an audience. Thus, the need for uniqueness is unlikely to drive the effect of common followees, as

followees represent sources rather than the audience of a focal user. That different drivers are

associated with the three metrics illustrates the nuanced role of embeddedness on information

sharing in directed networks.

Table 1.3 Drivers Associated with the Three Embeddedness Metrics

Embeddedness Metric Positive Driver Negative Driver

Common followees Impression management

Common followers Impression management Need for uniqueness

(25)

13

1.4 Model

Our objective is to evaluate the impact of network embeddedness on the propensity of a receiver

to share content obtained from sender(s). We use a Cox proportional hazards model (Cox 1972)

to estimate the hazard of sharing. In social networks, one challenge for a researcher is that a user

may receive multiple feeds from different senders sharing the same content (or an aggregated feed

from multiple senders) and the contribution of each co-sender on the decision to share is unclear.

At the consumer (receiver) level, a number of models have been proposed to deal with the impact

of multiple senders (Toubia et al. 2014; Trusov et al. 2010) or multiple ad exposures (Braun and

Moe 2013). A key difference between the present study and these studies is that our unit of analysis

is a dyad rather than an individual. Individual level analysis often comes with some sort of

aggregation on the sender side. For example, Aral et al. (2009) consider the overall effect of the

number of shared friends on a user’s likelihood to adopt a Facebook app, but the effect of individual

friends’ characteristics are not studied. Katona et al. (2011) accommodate multiple senders by

considering the average characteristics of senders, which compromises model precision. While

Trusov et al. (2010) do consider the effect of each individual sender on a user (restricted to be

either 0 or 1), their model does not allow statistical inference on the effects of dyadic characteristics

such as embeddedness. Sharara et al. (2011) focus on an adaptive diffusion model with the

objective of establishing the effect of network dynamics on content sharing. They learn the

“confidence values” between sender-receiver pairs based on past sharing for the purpose of

making predictions. However, they do not deal with the estimation of the effect of dyadic

characteristics on the propensity to share content.

Experimental studies (Aral and Walker 2012; Aral and Walker 2014) which conduct dyadic level

analyses, avoid this problem by eliminating receivers getting notifications from multiple senders.

While it eliminates the statistical challenge of dealing with multiple senders, it creates a controlled

(and at times artificial) setting where the experiment inadvertently also controls for drivers of sharing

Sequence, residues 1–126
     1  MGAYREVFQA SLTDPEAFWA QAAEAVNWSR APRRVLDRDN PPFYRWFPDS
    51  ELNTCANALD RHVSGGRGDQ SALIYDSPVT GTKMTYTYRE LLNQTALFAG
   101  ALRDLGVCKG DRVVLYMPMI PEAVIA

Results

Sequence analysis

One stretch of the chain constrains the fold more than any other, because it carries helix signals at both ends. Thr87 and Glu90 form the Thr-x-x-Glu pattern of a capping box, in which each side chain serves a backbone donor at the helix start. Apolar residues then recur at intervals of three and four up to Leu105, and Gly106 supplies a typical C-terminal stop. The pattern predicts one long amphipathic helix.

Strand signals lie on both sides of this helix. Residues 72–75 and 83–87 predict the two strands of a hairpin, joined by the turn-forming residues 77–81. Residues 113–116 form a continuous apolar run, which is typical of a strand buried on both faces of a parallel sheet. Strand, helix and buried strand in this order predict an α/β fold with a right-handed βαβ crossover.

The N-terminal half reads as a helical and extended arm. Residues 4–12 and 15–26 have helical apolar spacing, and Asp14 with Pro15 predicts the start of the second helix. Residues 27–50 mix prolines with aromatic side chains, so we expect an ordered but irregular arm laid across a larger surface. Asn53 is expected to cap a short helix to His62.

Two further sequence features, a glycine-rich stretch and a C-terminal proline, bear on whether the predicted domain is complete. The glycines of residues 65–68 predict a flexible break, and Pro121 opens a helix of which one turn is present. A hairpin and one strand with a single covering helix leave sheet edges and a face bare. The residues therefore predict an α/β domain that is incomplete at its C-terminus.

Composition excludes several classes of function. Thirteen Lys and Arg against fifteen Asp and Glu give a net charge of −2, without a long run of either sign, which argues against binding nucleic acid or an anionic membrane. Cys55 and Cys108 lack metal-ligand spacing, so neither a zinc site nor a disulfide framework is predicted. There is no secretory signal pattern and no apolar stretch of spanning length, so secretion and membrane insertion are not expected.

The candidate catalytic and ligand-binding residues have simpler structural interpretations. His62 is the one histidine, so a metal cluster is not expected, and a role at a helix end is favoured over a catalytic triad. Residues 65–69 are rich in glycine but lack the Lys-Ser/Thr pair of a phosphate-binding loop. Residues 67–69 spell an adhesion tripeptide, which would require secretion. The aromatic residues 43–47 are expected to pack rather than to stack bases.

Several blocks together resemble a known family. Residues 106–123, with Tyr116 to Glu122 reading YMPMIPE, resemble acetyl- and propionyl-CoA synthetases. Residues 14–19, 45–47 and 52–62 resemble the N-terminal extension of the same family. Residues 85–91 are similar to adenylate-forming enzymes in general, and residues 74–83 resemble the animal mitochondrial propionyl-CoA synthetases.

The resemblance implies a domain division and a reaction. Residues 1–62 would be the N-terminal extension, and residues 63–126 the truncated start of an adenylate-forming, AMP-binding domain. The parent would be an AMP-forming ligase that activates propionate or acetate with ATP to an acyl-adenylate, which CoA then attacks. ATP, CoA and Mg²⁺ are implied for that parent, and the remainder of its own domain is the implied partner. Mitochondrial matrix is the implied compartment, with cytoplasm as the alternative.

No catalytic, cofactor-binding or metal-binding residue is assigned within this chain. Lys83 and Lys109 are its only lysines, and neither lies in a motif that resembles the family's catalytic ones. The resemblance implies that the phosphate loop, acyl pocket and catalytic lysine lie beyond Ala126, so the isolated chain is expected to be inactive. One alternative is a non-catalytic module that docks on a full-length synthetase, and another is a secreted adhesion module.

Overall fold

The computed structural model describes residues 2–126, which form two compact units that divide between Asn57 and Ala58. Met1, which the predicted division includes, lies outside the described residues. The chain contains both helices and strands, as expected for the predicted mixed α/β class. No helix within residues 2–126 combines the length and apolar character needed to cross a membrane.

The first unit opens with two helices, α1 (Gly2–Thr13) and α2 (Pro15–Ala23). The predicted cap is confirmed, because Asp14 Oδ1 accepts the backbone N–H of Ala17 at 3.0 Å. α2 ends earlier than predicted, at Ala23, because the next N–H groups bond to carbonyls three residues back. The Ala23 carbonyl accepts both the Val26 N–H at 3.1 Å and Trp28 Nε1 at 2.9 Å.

(26)

14

uniqueness is more likely to be a concern if multiple individuals in a user’s social network have

shared the content as compared to a single individual sharing the content. We address this

challenge by proposing a novel proportional hazards model that allows us to estimate the

contribution of individual senders when multiple co-senders collectively cause a decision to share

content.

1.4.1 Dyadic Hazard

To ease model exposition, we present it in the context of sharing ad content over the social media

platform, Digg.com (as it is the context of our primary dataset). On Digg, when a user (sender)

diggs (shares) an ad (content), her followers (receivers) are immediately notified about her sharing

activity in the form of a feed. A receiver can have multiple senders (co-senders) if more than one

of her followees diggs the same ad. In addition to social feeds, users can also see the ad on the

front page of Digg. Therefore, there are two types of shares on Digg: those driven by social sources

(i.e., feeds from followees) and others driven by non-social sources (i.e., the front page). Other

platforms such as Twitter have a similar process for information sharing between users connected

in a social network.

Let 𝑖, 𝑗, and 𝑘 index senders, receivers, and ads, respectively. Let 𝑡 be the time elapsed since the

creation of an ad. Let 𝑋𝑖(𝑡) and 𝑋𝑗(𝑡) represent the unitary attributes of sender 𝑖 and receiver 𝑗,

respectively (e.g., gender and activity level of a user on Digg). Let 𝑋𝑖𝑗 represent the dyadic

attributes concerning sender 𝑖 and receiver 𝑗 (e.g., embeddedness measures), 𝑋𝑖𝑘 represent

sender 𝑖’s attributes that are specific to ad 𝑘 (e.g., the time sender 𝑖 diggs the ad 𝑘), and 𝑋𝑗𝑘

represent receiver 𝑗’s attributes that are specific to ad 𝑘 (e.g., number of receiver 𝑗’s followees that

have shared ad 𝑘). Let 𝜆𝑖𝑗𝑘(𝑡) represents the dyadic level hazard of sender 𝑖 causing receiver 𝑗 to